The Army reactivated the 6th Armored Division and gave the division the training mission as the cadre unit. The commander of the 6th Armored Division was Major General Samuel Sturgis, a distinguished engineer who had served under General Douglas MacArthur in the Pacific during World War II. Sturgis would ultimately become the Chief of Engineers.
When hostilities ended in Korea, there was some concern over the fate of the post. However, the military demands of the Cold War and aggressive efforts by local community leaders led to a decision by the Army to make Fort Leonard Wood a permanent installation.
In 1956, the installation was designated the United States Army Training Center-Engineer. Because of its new status as a permanent post, Fort Leonard Wood received substantial funds to replace the wooden construction of World War II-era buildings with permanent brick structures. Construction included major troop barracks complexes, hundreds of military family units, and support and recreational facilities. The construction of the 1950s and 1960s enabled the post to handle the significant increase in training workload brought on by the war in Vietnam.
In 1967, the post trained more than 120,000 Soldiers. Not all of this training involved either basic or engineer training. Skill training included such specialties as clerks, cooks, bakers, wiremen, mechanics, and motor vehicle operators.
With the reduction of the Army following the Vietnam War, the overall number of Soldiers training at the post declined. However, the composition of Soldiers arriving for engineer training changed in the 1970s and early 1980s. By the mid-1970s, the United States Air Force and United States Marine Corps began training their construction equipment operators at Fort Leonard Wood. The post also began providing engineer training to other nations. In 1982, the 4th Training Brigade was training engineers from 15 foreign countries.
In 1985, Fort Leonard Wood entered yet another phase in its history. That year, the Secretary of the Army announced that the United States Army Engineer School would move from Fort Belvoir, Virginia, to Fort Leonard Wood. For years, the Engineer School had suffered a lack of space for training. Actually, the Army had looked at moving the Engineer School in the mid-1970s, but was unable to get the plan approved for nearly ten years. The Engineer School completed its move in 1989, occupying a new $60 million state-of-the-art training and education facility. For the first time in nearly 50 years, all engineer training- including officers, warrant officers, noncommissioned officers, and enlisted personnel-would take place at the same location. The growth of the post brought even more construction, with new commissary, fitness, and training facilities.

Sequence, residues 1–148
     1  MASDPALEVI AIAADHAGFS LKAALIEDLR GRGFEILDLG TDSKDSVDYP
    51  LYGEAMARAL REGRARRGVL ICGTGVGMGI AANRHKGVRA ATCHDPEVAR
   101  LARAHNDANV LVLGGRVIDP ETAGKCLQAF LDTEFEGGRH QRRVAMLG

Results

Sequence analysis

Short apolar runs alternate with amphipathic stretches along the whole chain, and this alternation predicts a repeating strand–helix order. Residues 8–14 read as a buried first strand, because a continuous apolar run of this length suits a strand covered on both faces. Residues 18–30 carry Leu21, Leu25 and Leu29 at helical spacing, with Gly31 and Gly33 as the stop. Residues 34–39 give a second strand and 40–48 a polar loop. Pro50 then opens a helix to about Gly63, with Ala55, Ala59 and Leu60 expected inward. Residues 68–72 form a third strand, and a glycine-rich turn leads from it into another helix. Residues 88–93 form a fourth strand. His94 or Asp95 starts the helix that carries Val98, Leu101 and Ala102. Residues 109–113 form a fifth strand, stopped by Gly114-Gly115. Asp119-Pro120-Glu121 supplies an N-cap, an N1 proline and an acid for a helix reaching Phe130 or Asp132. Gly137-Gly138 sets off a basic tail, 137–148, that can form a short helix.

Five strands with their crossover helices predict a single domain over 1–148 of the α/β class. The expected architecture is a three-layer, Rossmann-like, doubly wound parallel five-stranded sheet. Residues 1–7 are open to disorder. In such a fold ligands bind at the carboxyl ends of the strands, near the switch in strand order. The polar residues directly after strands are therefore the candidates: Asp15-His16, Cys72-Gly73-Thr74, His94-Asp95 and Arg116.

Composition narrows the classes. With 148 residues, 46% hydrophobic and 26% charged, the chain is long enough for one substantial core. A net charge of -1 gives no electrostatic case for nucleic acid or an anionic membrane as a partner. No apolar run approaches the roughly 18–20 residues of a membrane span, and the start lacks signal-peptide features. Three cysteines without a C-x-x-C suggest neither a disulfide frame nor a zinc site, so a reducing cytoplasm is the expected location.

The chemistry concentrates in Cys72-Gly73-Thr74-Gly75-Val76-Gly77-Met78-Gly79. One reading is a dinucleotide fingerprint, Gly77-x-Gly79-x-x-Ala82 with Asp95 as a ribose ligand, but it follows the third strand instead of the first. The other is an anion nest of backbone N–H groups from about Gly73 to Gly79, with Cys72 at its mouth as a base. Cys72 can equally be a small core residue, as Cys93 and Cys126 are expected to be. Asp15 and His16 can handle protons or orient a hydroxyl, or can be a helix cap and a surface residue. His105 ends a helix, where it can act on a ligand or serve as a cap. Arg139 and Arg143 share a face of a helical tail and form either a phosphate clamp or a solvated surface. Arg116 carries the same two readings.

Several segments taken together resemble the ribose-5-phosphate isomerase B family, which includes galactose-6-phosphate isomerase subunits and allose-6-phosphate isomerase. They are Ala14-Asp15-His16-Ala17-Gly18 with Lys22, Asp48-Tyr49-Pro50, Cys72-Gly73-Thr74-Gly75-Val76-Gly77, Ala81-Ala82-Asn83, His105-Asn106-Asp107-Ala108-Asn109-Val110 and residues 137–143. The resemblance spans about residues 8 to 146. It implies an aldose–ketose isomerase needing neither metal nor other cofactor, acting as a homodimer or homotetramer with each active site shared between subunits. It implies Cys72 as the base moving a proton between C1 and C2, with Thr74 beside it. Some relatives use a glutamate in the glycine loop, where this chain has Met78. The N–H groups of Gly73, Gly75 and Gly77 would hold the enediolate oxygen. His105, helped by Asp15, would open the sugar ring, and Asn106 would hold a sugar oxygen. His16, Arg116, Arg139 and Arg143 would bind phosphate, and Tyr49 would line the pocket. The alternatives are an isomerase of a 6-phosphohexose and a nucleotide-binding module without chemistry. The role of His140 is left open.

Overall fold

The end of the Cold War did not result in a decline in activity at the post. The invasion of Kuwait by Iraq prompted a significant military response by the United States and its allies. Fort Leonard Wood units were deployed to Southwest Asia for Operations Desert Shield and Desert Storm.
In addition, the installation processed more than 4,000 Reserve Component Soldiers mobilized in response to the Iraqi invasion. This included 16 United States Army Reserve and 9 Army National Guard units. Fort Leonard Wood also provided personnel and technical expertise to contingency and humanitarian operations in Somalia, Haiti, and Bosnia. Post-Cold War training also included instruction in engineer construction techniques for Navy, Air Force, and Marine Corps personnel stationed at Fort Leonard Wood.
As a result of the 1995 Base Realignment and Closure decision to close Fort McClellan, Alabama, .the United States Army Military Police School and United States Army Chemical School (recently renamed the Chemical, Biological, Radiological and Nuclear [CBRN] School) were directed to relocate to Fort Leonard Wood. In preparation for their relocation, a three-story general instruction facility was built that connected to the existing Engineer School building and contained state-of-the-art technology, support facilities, and administrative offices for both schools. Additional construction to support the Military Police and Chemical Schools included an addition to the existing Engineer Museum as well as specialized training facilities. In 1999, the Military Police and Chemical Schools joined the Engineer School to form the Maneuver Support Center of Excellence.
With the attack on the United States on 11 September 2001, the nation entered into a struggle against global terrorism. Fort Leonard Wood has intensified its efforts to defeat this new threat. This includes revising doctrine and tactics to meet an asymmetrical threat and building or improving equipment to support forces. The installation trains and supports units from both the Active Army and Reserve Components, many of which deploy in support of Operations Enduring Freedom and Iraqi Freedom.
Housing is provided by Balfour Beatty Communities.